The SupChina Book List — time period: Mao to Tiananmen
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Paul Theroux (Putnam, 1988)
Riding the Iron Rooster is a fine antidote to the colonialist travelogues of the first half of the 20th century, as well as the self-serious immersive reportage books that came to dominate in the first half of this century. Theroux spent a year crisscrossing the country by rail, going as far as Xinjiang in the west and the Shandong coast in the east, often accompanied by government minders. As in all of his travel writing, he is unfailingly human, at turns prickly, lascivious, poetic, or just plain fed-up. If you were lucky enough to take a trip by train in the days before high-speed rail, you will find yourself nodding along in recognition. The off-the-cuff conclusions Theroux tosses out might read as offensive now (he writes off Hong Kongers as philistines and suggests there might be some truth to the idea that Tibetans were descended from a “sexually voracious ogress”), but he has plenty of venom left for the Western tourists, journalists, and businessmen that were flocking to China in the 1980s, and his boorishness is undercut by a natural inquisitiveness that leads to genuine exchanges with the people he meets along the way.
— Dylan Levi King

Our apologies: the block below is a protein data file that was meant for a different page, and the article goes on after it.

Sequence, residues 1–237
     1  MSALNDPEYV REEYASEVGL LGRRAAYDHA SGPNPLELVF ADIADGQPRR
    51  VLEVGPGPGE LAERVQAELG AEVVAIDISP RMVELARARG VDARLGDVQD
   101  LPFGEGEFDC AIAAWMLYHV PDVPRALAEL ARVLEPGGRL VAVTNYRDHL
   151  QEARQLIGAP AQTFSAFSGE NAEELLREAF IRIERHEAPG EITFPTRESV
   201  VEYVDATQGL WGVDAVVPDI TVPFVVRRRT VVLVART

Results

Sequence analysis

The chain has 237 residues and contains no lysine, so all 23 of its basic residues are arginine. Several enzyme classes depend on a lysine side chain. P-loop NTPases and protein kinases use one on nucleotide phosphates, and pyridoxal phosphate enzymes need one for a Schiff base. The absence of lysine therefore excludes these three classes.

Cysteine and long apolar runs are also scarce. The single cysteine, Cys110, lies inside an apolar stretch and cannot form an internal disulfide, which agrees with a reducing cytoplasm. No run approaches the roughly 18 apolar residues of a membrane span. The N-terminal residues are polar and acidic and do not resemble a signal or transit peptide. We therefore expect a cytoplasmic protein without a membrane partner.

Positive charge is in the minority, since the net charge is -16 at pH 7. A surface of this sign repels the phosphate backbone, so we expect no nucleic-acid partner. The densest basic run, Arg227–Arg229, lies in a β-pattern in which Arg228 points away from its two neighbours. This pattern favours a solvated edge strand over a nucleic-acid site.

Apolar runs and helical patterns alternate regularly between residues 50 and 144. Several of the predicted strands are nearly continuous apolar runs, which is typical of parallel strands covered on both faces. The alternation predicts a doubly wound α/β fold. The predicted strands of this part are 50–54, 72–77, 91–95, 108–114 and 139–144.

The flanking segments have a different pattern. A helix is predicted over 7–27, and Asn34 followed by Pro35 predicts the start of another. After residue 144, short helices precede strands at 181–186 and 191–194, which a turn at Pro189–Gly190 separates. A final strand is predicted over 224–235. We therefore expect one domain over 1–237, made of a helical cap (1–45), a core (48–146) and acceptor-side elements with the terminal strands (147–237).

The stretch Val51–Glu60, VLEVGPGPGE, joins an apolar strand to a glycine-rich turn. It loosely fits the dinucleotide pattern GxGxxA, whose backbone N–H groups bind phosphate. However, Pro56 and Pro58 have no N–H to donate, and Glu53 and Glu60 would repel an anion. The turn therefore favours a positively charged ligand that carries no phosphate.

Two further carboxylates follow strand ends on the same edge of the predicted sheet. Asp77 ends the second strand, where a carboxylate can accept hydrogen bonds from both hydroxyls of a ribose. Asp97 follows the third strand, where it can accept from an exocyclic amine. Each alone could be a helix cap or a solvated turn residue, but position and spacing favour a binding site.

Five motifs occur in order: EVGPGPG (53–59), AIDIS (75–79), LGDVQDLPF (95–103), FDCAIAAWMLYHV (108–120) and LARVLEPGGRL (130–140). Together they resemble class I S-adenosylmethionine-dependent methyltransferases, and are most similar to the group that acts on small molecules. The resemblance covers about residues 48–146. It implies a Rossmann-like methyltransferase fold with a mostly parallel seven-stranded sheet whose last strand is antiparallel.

96. Iron and Silk
Mark Salzman (Random House, 1986)
Mark Salzman was among the first generation of Americans to teach in China, in the 1980s, when he was in Changsha. His was by no means the average waiguoren (foreigner) experience; Salzman was already fluent in Mandarin (and conversational in Cantonese) when he arrived, and he was an expert in wushu. He’s a sharp observer, and he tells his story through vignettes that are both beautiful and brief — actually, there is something Daoist in his economy. The China that he depicts is something of a lost world — it’s hard to grasp how poor and isolated places like Changsha were at this time. After China, Salzman went on to a great career as a novelist and memoirist, with an impressive range of subjects. But he never returned to China after filming the movie version of Iron and Silk in 1989.
— Peter Hessler
Huò Dá 霍达, translated by Guan Yuehua (Panda Books, 1992)